|Street Address:||5271 Reisterstown Road
Baltimore, Maryland 21215
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1874 - Northwestern District History - 1874 - The Northwestern District was first opened at Pennsylvania Ave and Lambert Street in 1874 where it remained until 1958/9 when they moved to their present district on Reisterstown Rd.
The Northwestern District is one of the largest in the City and it borders the Northern District, Southwestern District, Western District, and Baltimore County. The Northwestern District has a very diverse population and its Police personnel are also very diverse. The police have made great strides in reducing violent crime and will continue to do so.
Arlington, Ashburton, Burleith - Leighton, Callaway - Garrison, Central Forest Park, Central Park Heights, Cheswolde, Cross Country, Dolfield, Dorchester, East Arlington, Eastwood, Fallstaff, Forest Park, Garwyn Oaks, Glen, Grove Park, Hanlon Park, Hanlon - Longwood, Hillsdale Park, Howard Park, Langston Hughes, Liberty Square, Lucille Park, Park Circle, Park Heights, Pimlico, Powder Mill Park, Purnell, Reisterstown Station, Seton Business Park, Television Hill, Towanda - Grantley, West Arlington, West Forest Park, Windsor Hills, Woodmere
The Northwest District is the home of the world-renown Preakness and Maryland’s famous Pimlico Racetrack attracting visitors from around the world
Gustav A. Romoser Sr., c1880-1940
Appointed to the Baltimore City Police Department on March 2, 1913, he was assigned and proudly served in the Southwestern District, the Northern District and the Traffic Division.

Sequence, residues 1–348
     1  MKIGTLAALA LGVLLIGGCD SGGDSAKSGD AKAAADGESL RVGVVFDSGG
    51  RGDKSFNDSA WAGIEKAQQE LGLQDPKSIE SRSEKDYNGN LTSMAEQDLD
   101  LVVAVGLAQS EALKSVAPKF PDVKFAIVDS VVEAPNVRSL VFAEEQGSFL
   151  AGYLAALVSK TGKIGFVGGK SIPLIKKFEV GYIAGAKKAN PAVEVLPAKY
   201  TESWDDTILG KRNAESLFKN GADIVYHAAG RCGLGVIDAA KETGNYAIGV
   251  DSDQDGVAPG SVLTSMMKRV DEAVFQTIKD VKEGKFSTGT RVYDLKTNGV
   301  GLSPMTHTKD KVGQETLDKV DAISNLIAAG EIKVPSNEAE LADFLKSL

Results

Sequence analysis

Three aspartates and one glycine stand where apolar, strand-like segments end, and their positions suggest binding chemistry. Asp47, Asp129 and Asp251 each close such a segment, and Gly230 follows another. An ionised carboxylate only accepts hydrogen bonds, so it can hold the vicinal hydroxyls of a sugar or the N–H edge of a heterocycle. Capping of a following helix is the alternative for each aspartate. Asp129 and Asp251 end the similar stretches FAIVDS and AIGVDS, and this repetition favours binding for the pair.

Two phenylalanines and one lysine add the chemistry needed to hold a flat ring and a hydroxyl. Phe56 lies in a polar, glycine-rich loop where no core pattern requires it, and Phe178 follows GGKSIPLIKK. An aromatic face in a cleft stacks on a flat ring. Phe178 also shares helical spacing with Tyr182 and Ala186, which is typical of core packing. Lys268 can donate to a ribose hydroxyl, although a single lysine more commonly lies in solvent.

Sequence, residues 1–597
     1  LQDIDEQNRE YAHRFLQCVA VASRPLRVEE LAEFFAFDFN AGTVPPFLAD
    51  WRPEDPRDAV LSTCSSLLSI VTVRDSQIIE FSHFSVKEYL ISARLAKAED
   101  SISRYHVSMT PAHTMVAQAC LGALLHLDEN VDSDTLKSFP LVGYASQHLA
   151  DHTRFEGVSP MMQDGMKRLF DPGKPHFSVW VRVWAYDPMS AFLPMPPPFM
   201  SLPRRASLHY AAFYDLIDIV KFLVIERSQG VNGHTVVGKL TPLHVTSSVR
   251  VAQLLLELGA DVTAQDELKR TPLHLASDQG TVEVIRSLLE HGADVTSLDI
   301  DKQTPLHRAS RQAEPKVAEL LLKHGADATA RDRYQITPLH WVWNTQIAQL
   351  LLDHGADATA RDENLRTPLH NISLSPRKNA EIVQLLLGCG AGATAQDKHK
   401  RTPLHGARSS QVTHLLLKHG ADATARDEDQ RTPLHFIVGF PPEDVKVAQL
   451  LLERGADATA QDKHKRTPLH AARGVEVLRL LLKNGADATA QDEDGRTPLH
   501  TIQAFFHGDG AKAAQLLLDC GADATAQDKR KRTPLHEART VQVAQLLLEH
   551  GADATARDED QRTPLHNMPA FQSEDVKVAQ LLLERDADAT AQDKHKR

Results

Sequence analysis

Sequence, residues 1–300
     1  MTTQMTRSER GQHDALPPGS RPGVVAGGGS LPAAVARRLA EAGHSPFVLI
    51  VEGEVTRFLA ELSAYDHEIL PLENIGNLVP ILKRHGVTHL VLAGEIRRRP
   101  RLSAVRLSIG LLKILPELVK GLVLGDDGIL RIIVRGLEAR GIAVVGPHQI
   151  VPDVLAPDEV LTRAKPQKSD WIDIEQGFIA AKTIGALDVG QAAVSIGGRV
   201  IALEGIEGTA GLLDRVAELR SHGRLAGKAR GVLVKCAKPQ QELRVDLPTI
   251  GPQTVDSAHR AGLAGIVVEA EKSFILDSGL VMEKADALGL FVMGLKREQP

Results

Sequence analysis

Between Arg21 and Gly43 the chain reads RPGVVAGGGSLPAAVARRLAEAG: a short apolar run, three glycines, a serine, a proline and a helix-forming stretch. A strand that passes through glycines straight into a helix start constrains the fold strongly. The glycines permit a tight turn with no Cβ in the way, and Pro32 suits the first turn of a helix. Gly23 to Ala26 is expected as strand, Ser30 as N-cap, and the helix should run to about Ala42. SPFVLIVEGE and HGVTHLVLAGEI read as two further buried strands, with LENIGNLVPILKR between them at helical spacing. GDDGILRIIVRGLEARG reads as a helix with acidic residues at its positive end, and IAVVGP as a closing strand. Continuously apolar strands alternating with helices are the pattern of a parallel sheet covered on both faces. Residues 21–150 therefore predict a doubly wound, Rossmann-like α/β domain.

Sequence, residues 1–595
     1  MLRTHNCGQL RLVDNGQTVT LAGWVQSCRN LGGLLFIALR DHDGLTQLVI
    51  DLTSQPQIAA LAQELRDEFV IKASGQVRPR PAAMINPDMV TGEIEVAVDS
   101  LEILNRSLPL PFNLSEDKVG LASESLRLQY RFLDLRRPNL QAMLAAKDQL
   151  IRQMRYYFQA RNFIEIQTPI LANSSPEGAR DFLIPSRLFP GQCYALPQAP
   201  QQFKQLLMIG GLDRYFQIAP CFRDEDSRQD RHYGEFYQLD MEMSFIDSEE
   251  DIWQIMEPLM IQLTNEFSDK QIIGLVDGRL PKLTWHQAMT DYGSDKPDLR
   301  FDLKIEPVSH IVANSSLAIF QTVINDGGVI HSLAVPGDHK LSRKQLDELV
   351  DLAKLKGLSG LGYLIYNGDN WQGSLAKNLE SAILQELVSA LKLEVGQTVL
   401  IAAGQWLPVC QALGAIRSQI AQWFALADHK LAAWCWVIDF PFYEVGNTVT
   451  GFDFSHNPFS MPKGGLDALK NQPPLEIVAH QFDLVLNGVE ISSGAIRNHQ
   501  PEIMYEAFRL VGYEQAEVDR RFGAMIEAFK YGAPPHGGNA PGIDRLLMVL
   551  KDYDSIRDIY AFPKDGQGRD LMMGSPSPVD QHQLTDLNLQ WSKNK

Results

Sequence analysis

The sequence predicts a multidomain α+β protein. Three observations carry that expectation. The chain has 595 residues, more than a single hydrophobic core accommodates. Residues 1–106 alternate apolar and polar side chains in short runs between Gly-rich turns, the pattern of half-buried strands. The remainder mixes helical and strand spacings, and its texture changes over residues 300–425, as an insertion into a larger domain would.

In 1925 he was promoted to the rank of Sergeant and was assigned to the Northwestern District. He then attained the rank of Lieutenant on April 14, 1938. While serving in the Northwest District he developed a very serious heart problem, after a long illness, he passed away June 18, 1938, at the age of 60. Lt. Gustav A. Romoser had an exemplarity 27-year career with the department and his death was a great loss to the department and the citizens of Baltimore. His service Honored the Department. Lieutenant Romoser was a veteran of the Spanish-American War and was a member of Baltimore Police Post, Veterans of Foreign Wars. He was a Mason and a member of Pythagoras Lodge and a Knights Commander. He leaves his widow, Wilhelmina (Minnie) C. Romoser, three sons, Gustav A. Romoser, Jr., a member of the Baltimore Police Traffic Division; Winfield Romoser, and Vernon Romoser, and two sisters, Mrs. Clara McDonald, of Parkville, Baltimore County, and Mrs. Lottie Lupton, Baltimore. Fellow Police Lieutenants served as pallbearers and he was laid to eternal rest in Western Cemetery near the New Cathedral Cemetery. Data compiled Sister Anne M. O'Donnell Pratt Library, Maryland Room, Biography File, Index Card with Obit; also Microfilm Obituary, Baltimore Sun, Wednesday Morning, June 19, 1940, p. 20 [11-15-10]
25 Picked City Policemen Training For Riot Squads
Northwestern District Officers Getting Special Instructions On Small Arms, Tear Gas And Sub-Machine Guns